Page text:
Things aren’t always what they seem online so take care with what you share a UK government campaign titled ‘SHAREChecklist’ boldly states. Their advice? Check the facts with an official source such as GOV.UK or Full Fact.
Our advice is to share it. If you are unsure of the source or where facts are limited or uncertain, state as such and enquire whether further information is available. Stay curious, analyse, ask questions, challenge, and open dialogues and discussions.
Most of us are aware that it’s not only online but also things published by corporate media that aren’t always what they seem. However, a major difference between government or corporate media reports and independent or citizen reports shared online, is the latter allows for public discourse and open debate, providing they are not censored, while corporate media and their fact-checking services do not – they prefer a top-down “above all” approach.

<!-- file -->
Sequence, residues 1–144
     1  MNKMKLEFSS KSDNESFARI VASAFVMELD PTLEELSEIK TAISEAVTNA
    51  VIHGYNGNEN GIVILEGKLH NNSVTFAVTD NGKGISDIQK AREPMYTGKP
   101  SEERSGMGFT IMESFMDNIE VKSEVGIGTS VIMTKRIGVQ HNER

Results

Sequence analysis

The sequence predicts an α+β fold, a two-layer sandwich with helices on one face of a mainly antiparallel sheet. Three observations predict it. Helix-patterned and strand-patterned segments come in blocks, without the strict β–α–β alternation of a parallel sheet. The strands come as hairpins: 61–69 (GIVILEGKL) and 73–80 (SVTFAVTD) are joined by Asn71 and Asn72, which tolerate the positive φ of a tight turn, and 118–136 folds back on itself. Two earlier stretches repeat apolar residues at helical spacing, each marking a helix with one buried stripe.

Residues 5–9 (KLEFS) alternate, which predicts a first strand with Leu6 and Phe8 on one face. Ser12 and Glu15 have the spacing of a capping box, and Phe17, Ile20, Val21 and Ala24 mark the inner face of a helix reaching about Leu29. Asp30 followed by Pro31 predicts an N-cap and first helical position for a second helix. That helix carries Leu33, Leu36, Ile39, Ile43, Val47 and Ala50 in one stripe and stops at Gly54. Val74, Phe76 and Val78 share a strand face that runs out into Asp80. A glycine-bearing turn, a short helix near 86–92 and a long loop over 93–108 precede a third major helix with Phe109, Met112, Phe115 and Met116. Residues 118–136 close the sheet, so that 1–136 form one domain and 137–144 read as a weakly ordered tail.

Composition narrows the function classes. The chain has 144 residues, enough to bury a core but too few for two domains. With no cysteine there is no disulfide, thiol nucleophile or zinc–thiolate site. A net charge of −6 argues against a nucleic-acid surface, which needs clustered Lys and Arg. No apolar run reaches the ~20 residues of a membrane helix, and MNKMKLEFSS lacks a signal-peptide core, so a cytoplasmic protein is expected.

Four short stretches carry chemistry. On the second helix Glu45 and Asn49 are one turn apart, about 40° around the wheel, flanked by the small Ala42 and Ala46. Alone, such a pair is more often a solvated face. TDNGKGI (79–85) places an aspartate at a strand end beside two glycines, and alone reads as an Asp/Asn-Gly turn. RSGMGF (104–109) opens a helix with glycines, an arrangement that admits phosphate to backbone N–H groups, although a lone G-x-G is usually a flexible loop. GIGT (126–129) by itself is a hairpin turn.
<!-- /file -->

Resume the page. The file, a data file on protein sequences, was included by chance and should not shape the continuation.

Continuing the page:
Denying public debate negates the all-important diversity of thought in a liberal and democratic society. Silencing counterarguments that challenge their preferred storyline enables governments and corporate media to create a one-sided narrative. A narrative that, left unchallenged, moves further and further away from the truth. But here’s a fact that you will not find on either GOV.UK or Full Fact: a lie cannot become truth, no matter how often it is repeated.
The SHAREChecklist attempts to provide advice on what to share and what not to share apparently for the good of others. Information that does not originate from their sources could be “harmful to share with our friends and families,” the UK government claims.
It’s important to understand that we, the people, are in the midst of an information war. One which began in earnest at the start of 2020. A battle in the public space for complete and truthful information while governments and their advisors attempt to manipulate our perceptions and behaviours so we obey their instructions, without question, even when those instructions prove to be harmful.